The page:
The "ace" of the pitching staff was an elderly journeyman named Roger Craig, who won all of 10 games -- and lost 24. Al Jackson, a much better pitcher, managed to lose 20, and Jay Hook tossed in another 19. Throughout the season the Mets employed no fewer than seven catchers (Stengel: "You have to have a catcher, or you'll have a lot of passed balls"), among whom my favorite was Clarence "Choo Choo" Coleman, who played only 44 games that year as second- or third- or fourth-string catcher, but always hustled, always smiled, always gave his best, which needless to say wasn't very good; he was only five-foot-nine and 165 pounds, and to me he was the quintessential Little Engine That Could. Well, actually, Couldn't.
The 2009 Nats don't have a Marvelous Marv or a Choo Choo, but on the other hand they do have a core of promising young players, some on the roster and some rising through the minor leagues. Their exemplary young third baseman, Ryan Zimmerman, is the kind of player a championship ballclub can be built around, although he did have three errors in Tuesday night's loss to the Marlins. Another Zimmerman, well, Zimmermann, this one named Jordan, could be the anchor of a first-class pitching staff. And John Lannan already is well on the way to being just that. Jesus Flores may well be an All-Star catcher someday, if he can stay healthy.
Then there are two even younger guys who probably hold the key to the Nats' future: Stephen Strasburg, the uncommonly gifted pitcher whom the Nats chose first in this year's draft, and Bryce Harper, the 16-year-old -- yes, 16 -- whom the Nats are likely to choose first in next year's draft. Strasburg may or may not be the reincarnation of Cy Young -- depends on which sportswriter or blogger you consult -- but he has all the raw materials. The redoubtable Tom Verducci of Sports Illustrated says Harper can be baseball's version of Tiger Woods, LeBron James or Wayne Gretzky.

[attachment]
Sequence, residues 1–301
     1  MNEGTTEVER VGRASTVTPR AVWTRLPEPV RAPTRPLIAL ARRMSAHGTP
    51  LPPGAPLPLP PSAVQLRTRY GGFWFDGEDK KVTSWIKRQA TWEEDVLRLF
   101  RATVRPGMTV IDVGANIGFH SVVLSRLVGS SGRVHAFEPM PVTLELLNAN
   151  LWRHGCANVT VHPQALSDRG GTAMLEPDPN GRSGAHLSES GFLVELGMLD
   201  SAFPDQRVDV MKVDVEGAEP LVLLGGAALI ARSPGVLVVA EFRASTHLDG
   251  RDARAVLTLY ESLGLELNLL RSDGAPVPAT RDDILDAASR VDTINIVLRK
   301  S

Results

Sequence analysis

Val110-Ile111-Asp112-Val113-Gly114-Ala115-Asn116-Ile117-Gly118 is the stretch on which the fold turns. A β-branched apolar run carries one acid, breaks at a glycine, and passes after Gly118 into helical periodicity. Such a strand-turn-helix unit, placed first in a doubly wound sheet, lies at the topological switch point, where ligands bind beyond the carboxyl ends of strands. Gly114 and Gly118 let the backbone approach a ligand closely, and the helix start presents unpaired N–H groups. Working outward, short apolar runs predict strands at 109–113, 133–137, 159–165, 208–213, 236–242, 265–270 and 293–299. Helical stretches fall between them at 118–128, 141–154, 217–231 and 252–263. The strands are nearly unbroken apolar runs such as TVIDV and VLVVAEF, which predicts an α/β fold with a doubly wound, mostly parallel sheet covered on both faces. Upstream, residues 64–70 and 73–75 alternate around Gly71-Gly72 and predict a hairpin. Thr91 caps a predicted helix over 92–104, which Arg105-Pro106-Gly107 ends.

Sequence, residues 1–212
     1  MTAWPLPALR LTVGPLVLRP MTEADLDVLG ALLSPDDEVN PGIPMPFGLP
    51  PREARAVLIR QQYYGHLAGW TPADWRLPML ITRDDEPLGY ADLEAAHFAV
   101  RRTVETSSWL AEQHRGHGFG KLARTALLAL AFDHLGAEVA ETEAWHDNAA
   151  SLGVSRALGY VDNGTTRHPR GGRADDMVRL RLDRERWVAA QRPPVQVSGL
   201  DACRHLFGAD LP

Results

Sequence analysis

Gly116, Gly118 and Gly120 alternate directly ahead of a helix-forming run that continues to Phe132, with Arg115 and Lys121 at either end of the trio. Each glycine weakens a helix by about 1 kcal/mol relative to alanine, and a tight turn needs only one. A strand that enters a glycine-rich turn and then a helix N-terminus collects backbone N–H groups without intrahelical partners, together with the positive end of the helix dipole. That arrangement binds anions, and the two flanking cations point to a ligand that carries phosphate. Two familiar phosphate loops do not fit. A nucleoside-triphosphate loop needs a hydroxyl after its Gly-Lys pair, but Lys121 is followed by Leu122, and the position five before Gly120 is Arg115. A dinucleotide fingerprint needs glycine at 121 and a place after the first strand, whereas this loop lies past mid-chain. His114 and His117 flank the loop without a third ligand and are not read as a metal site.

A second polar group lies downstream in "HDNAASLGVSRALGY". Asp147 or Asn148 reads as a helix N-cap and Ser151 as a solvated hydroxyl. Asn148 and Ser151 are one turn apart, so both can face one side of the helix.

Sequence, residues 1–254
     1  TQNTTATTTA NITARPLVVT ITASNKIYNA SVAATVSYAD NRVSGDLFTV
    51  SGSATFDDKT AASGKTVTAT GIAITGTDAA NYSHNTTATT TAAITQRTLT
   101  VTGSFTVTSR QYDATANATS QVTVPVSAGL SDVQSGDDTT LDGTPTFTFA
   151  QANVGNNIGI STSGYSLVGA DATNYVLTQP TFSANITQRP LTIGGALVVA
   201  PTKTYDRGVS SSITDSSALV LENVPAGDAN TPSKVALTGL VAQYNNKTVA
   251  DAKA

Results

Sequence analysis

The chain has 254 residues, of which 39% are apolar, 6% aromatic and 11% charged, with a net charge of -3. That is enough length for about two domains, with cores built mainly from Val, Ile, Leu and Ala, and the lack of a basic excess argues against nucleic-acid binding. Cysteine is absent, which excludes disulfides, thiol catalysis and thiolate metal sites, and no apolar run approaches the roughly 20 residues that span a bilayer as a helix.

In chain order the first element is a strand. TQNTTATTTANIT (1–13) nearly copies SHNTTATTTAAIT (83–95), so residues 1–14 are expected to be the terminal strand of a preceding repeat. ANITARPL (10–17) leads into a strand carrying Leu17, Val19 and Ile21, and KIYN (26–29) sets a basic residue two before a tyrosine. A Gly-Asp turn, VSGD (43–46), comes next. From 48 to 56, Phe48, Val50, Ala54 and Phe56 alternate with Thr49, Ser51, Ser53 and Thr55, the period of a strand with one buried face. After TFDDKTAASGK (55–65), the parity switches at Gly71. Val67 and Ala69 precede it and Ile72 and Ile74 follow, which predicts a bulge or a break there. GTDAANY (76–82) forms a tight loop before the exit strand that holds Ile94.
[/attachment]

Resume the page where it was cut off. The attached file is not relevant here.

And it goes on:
Both Strasburg and Harper are represented by Scott Boras, the toughest agent in the business. Will the Lerner family, the famously parsimonious owners of the Nats, pony up the necessary dough to sign these two? To say that Nats fans are praying is putting it mildly.
Among the Nationals, comparisons with the '62 Mets are scoffed at. "I know we're better than the '62 Mets," Lannan said after the Toronto Blue Jays crushed the Nats 9-4 on June 21. "We're not going to go down as the worst team in baseball history, that's for sure." But in the win-loss column there are some painful similarities. The Nationals lost 50 of their first 71 games. The Mets lost 50 of their first 69.
The Nats also aren't likely to turn around in the next two or three years the way the Mets finally did -- they went from 73-89 in 1968 to a world championship in 1969 -- but even now they are a better team than their record indicates. In fact, it's tempting to say they're too good to be lovable. The 1962 Mets, by contrast, are even worse than their dismal record. Stengel called them "amazin'," and it's amazin' that they won a single game.
Jonathan Yardley is book critic of The Washington Post.